Ar­guably the most po­lar­is­ing tribe of the plat­form are the vlog­gers, who, thanks to an hun­gry le­gion of fans, have more weight as celebri­ties than ‘celebri­ties’. One of the bright­est lo­cal stars is Wendy Huang or ‘Wengie’, who at the time of writ­ing had 8.4 mil­lion sub­scribers. “The great thing about YouTube and the new me­dia is we don’t re­ally get a choice as to whether we’re pop­u­lar or not,” she re­cently told 60 Min­utes. Un­like the Hol­ly­wood star for­mula, Wengie has gar­nered a pas­sion­ate fan base from her warm-and-fuzzy first-per­son de­liv­ery and teen-friendly con­tent; it’s as if you were hang­ing out in her bed­room.

Melbourne cou­ple Jamie and Nikki Perkins (1.5 mil­lion sub­scribers) have a sim­i­lar ap­proach, open­ing the door to their fam­ily home after they found

fame from up­load­ing Jamie’s op­u­lent mar­riage pro­posal to Nikki. They’ve made a liv­ing shar­ing their fam­ily’s highs and lows to a wide au­di­ence of mums and 20-some­things, but Nikki, an ex-model, also found her­self a role model to young women of colour. “Nikki con­stantly gets emails from girls of her com­plex­ion say­ing: ‘You’ve made me love my com­plex­ion!’” says Jamie. “That’s one of the amaz­ing things about our chan­nel; it’s more a com­mu­nity.”

“It’s about be­ing gen­uinely your­self,” com­ments Cana­dian-born, LA-based Gigi Loren Laz­zarato, aka Gigi Gor­geous (2.7 mil­lion sub­scribers), an A-list YouTu­ber, named one of the 25 most in­flu­en­tial peo­ple on the in­ter­net by Time and the first trans­gen­der face of Revlon. “I think be­ing authentically my­self is why peo­ple grav­i­tate to­wards me. Be­ing un­apolo­getic, own­ing what you be­lieve in and speak­ing your truth works for longevity in any­body’s life and ca­reer. But also, you need to in­ter­act with fans and keep the con­ver­sa­tion go­ing.” Gigi has been up­load­ing beauty tu­to­ri­als and vlogs since 2008, counts Katy Perry as a megafan and ear­lier this year pre­miered her doc­u­men­tary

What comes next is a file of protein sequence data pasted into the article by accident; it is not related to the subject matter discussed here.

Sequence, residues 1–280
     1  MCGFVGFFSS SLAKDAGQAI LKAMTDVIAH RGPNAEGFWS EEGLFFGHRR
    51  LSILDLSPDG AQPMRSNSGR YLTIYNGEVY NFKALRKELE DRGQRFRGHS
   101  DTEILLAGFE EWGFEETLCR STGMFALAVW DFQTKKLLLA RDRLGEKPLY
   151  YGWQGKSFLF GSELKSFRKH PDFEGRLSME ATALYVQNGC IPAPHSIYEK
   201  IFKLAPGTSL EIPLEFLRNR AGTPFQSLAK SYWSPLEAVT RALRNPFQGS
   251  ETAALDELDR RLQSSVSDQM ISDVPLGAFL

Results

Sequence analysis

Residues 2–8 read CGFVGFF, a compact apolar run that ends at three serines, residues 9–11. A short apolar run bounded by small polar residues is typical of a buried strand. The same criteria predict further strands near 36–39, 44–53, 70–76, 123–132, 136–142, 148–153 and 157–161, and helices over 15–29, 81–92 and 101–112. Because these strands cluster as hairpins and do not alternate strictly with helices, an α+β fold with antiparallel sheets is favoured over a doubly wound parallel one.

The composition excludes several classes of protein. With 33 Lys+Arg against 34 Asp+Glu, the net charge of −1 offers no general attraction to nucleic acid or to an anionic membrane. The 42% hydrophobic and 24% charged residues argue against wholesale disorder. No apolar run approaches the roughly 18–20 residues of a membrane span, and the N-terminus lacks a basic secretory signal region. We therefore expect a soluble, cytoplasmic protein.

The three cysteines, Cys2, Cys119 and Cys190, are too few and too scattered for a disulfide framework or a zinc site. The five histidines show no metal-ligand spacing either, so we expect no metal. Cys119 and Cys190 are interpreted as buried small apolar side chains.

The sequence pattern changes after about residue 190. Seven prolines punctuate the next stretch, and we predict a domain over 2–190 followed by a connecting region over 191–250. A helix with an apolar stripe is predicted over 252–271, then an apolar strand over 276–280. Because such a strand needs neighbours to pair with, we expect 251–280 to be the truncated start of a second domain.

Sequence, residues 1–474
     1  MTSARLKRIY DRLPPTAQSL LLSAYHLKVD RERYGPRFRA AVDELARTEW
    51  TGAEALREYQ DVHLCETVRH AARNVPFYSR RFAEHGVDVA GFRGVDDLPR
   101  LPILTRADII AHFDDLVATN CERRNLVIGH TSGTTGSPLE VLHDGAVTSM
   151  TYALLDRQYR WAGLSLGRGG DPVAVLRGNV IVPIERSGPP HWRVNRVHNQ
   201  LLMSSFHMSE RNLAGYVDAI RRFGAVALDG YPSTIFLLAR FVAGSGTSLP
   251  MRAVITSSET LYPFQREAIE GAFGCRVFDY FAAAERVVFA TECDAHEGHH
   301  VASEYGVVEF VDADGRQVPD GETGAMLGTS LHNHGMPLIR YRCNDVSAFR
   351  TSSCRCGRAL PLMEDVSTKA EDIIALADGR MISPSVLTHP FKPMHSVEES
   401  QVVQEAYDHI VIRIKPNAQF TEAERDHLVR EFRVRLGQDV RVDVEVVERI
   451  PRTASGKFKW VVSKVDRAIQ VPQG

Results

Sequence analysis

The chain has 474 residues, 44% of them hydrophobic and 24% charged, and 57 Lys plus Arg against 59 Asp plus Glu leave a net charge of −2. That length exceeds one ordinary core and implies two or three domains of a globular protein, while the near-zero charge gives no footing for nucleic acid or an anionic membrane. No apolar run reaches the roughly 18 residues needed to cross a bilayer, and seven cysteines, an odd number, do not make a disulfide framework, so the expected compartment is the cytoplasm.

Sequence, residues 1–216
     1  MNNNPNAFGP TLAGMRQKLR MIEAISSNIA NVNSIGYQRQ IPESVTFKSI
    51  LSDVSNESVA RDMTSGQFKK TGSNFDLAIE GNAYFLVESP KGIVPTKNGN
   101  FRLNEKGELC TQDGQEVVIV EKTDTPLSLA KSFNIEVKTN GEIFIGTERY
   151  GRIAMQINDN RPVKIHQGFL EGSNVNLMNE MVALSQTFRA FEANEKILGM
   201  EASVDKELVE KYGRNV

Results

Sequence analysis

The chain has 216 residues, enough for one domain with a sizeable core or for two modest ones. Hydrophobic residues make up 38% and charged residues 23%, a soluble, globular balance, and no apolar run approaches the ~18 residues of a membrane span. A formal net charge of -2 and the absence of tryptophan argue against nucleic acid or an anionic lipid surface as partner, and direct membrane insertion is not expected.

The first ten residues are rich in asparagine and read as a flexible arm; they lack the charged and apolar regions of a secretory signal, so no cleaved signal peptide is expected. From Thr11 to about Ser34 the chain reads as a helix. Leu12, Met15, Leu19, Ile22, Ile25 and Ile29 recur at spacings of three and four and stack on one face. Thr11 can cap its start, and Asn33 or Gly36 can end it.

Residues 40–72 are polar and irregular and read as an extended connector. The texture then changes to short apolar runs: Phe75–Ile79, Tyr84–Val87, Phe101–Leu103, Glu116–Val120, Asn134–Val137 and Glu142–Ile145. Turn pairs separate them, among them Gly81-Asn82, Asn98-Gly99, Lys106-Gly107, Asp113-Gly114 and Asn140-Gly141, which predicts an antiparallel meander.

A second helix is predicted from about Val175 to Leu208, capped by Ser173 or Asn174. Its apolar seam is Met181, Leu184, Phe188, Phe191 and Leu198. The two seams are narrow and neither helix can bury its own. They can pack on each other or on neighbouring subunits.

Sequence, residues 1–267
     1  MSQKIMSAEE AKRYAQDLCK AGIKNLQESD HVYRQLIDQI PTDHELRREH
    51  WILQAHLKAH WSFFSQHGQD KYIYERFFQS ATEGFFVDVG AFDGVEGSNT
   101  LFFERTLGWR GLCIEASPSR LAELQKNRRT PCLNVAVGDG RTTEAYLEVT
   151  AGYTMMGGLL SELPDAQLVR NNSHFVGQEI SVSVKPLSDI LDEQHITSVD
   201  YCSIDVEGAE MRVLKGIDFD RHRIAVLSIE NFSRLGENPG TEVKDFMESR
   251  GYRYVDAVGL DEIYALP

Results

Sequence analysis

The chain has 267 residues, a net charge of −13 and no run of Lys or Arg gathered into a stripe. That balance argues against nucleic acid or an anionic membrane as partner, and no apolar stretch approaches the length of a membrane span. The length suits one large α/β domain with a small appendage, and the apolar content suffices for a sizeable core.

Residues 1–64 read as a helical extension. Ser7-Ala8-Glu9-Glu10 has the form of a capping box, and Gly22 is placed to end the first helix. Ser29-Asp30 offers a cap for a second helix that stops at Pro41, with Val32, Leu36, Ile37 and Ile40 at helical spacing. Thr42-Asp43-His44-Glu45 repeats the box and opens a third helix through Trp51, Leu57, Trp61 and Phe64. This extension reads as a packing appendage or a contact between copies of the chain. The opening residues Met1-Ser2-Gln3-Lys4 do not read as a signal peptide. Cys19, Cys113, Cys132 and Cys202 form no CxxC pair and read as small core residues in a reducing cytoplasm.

This is Ev­ery­thing at Sun­dance Film Fes­ti­val, which doc­u­mented her tran­si­tion, ce­ment­ing her as one of the big­gest LGBTIQ cham­pi­ons on YouTube. “YouTube has brought so much pos­i­tiv­ity to my life,” she says. “It is a huge sup­port sys­tem for me, know­ing that peo­ple have my back, care about what I have to say and that I can help oth­ers.”

But what is it about vlog­gers that is so en­thralling to mil­len­ni­als and the iGen­er­a­tion? For starters, in­ter­net stars such as King Bach, Brit­tany Furlan and Joey Grac­effa are noth­ing like Hol­ly­wood stars. “The level of in­ti­macy that ex­ists be­tween the cre­ator and the con­sumer is un­matched by any­thing in en­ter­tain­ment,” com­ments Tyler Oak­ley (7.9 mil­lion sub­scribers), a pro­lific Amer­i­can YouTu­ber, pod­caster, writer and youth and LGBTIQ ac­tivist, with his own show on Ellen De­Generes’s El­lenTube plat­form. “Movie stars maybe make one or two movies a year. You go to the theatre, you leave. You don’t think about that movie star for the rest of your year. A TV show, maybe you think about them for two months while the show’s on air, and then it’s in your liv­ing room with friends or fam­ily. With a YouTube star, it’s one on one. You’re inches away from your screen. With head­phones in your ear. The in­ti­macy is so close to be­gin with.” Hence the im­pact, trust and in­flu­ence an In­ter­net star can flex. “It feels like your friend is shar­ing favourite thing with you.”

For young peo­ple, an­other of­ten-over­looked ben­e­fit to cre­ator plat­forms is the men­tal health sup­port pro­vided by the on­line com­mu­nity. If you have a cam­era, you have a voice and if you have an in­ter­net con­nec­tion, you can find your tribe. “I never thought about it when I started out 10 years ago, I was just try­ing to be an id­iot on the in­ter­net,” Oak­ley says with a laugh. “But I started get­ting mes­sages from peo­ple say­ing: ‘In­stead of hurt­ing my­self tonight, I spent my night watch­ing you.’ Or: ‘You’re the first gay per­son [I know].’ When I see things like that, it blows my mind.” He adds: “In a so­ci­ety that some­times tries to di­min­ish a lot of dis­en­fran­chised voices, liv­ing un­apolo­get­i­cally is an act of re­sis­tance within it­self. And when peo­ple see some­one, be it a gay man or what­ever, do­ing that on YouTube, even if it’s just mak­ing silly con­tent or talk­ing about pop cul­ture, it can be very pow­er­ful.”

Con­sid­er­ing the num­ber of suc­cess sto­ries, the vi­ral lols, the films, books, TV se­ries, al­bums and artis­tic ca­reers that have been launched off the back of home­made con­tent cre­ation, the cul­tural im­pact is im­pos­si­ble to ig­nore. “It’s hap­pen­ing. It’s grow­ing and this is how peo­ple are be­ing en­ter­tained now,” says Oak­ley. “If you don’t get the grav­ity of the ac­com­plish­ments of peo­ple on YouTube, it’s not be­cause it’s hard to un­der­stand, it’s be­cause you’re not try­ing to un­der­stand.”